A leafy seventies-era neighborhood of rambling ranch-style homes on multi-acre lots, Cloverland Acres sits on the southside “Inner-Burbs” of currently booming Nashville, Tennessee.  Construction of the neighborhood began in 1972, and it is the kind of neighborhood that was marketed to wealthy city residents wishing to live a suburban lifestyle, as well as to those professional and upper-middle-class transplants from the Midwest and Northeast. By any measure, Cloverland Acres was a very desirable place to live back in the day. To buy a home there required a substantial net worth, especially in lieu of the economic instability of the 1970s. These days, many of the homes have undergone a series of renovations and remodeling projects to keep up with demographic trends. The location within Nashville is ideal. The homes are still very nice. There are an estimated 100 homes in the neighborhood, all of which were originally wired with Cu-Clad BCBW.

In June 2016, Steve Mallory organized an inspection of a residence in Cloverland Acres. Steve Mallory is a certified electrical inspector for the state of Tennessee, as well as a member of IAEI.  The homeowner of the residence built the house, and it is original. Over the last four decades, the home had undergone two significant renovation projects. One was a kitchen remodel where the Cu-Clad BCBW remained in place, and the other was a garage addition where copper NM-B BCBW connects to the existing installation. In exchange for entrance to the home, a free electrical inspection was performed as well as an offer to replace any harvested wiring devices with modern ones. Some of the receptacles were original to the home, as we found several back-stab models from the early 1970s. The home utilizes Cu-Clad NM-B 12/2 and 10/2 from General Cable. Both Cu-Clad NM-B wire and electrical devices (with connections intact) were harvested from the home and replaced with solid copper NM cable and modern wiring devices. The harvested wire and devices will be analyzed for future reporting.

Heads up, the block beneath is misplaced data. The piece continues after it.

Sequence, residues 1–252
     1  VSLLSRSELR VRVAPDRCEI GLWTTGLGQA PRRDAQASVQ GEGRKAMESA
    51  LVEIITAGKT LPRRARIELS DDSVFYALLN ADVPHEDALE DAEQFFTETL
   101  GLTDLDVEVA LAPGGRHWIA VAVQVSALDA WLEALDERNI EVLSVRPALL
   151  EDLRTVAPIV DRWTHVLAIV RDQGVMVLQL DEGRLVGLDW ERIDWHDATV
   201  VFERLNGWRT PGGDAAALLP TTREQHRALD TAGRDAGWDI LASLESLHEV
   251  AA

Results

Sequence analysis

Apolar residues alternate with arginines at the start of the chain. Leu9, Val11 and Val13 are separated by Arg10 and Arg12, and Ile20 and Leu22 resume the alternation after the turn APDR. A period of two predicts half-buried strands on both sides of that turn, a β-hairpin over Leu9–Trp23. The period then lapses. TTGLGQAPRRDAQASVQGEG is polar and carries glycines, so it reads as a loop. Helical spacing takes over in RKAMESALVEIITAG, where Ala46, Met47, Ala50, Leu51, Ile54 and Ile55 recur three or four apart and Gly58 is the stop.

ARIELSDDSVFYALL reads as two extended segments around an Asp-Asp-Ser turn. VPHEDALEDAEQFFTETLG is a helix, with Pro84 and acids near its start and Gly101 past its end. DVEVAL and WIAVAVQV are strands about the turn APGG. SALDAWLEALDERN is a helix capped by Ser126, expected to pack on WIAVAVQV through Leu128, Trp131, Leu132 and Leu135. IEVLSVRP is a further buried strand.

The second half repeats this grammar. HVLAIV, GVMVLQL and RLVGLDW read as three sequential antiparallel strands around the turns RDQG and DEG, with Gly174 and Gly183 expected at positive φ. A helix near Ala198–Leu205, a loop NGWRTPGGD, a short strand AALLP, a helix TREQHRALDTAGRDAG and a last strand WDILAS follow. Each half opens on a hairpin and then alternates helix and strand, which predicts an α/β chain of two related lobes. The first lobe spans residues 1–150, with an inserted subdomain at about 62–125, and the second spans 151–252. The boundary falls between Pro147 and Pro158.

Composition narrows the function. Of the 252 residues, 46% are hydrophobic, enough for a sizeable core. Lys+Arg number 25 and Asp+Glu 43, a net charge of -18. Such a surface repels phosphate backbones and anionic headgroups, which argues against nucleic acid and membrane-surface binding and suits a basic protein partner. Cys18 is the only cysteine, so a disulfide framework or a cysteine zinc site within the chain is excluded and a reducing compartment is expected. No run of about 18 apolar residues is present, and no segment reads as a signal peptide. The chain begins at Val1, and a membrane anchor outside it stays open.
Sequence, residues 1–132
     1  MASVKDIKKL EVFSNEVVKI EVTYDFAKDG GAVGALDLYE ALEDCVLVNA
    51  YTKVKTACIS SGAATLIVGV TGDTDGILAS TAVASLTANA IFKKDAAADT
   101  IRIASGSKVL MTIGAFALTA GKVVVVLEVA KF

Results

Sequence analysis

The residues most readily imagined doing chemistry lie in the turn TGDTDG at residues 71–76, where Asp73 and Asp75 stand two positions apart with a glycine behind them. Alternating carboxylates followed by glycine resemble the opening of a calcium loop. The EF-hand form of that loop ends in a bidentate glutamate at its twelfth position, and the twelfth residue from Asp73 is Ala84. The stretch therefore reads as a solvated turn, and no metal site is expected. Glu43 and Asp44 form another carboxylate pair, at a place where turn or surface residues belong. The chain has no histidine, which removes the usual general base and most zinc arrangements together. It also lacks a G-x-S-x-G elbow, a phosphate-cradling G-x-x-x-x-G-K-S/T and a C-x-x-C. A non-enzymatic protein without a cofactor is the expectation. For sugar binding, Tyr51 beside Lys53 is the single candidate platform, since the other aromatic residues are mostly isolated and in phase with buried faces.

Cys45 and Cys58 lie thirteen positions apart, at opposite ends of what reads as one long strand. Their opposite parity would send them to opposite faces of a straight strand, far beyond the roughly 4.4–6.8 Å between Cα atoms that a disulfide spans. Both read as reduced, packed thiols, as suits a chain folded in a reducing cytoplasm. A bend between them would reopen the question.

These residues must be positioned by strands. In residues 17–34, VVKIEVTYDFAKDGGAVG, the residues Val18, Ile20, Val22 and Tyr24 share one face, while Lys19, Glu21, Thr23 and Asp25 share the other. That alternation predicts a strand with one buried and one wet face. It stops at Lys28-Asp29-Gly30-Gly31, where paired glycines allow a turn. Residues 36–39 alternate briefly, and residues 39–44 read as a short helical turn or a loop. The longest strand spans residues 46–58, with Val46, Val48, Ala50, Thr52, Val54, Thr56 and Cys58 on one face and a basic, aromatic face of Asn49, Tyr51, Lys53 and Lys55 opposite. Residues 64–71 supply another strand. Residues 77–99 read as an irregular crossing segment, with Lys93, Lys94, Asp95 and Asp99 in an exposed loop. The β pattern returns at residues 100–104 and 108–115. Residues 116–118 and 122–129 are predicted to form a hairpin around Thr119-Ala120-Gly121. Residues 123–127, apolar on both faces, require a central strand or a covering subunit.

The homeowner, a retired medical professional of sound mind, was asked whether he had ever experienced problems with his electrical service. He replied that he had not. He was then asked if he could remember ever having an electrical fire in his home or any house fire for that matter. The answer was no. He was then asked if he could remember any house fires in the neighborhood in the time that he had lived there, and still his answer was no. He went on to say that a Metro Nashville electrical inspector happened to be a neighbor, and he felt sure that the inspector’s house had the same Cu-Clad wiring, so he felt pretty safe with his own.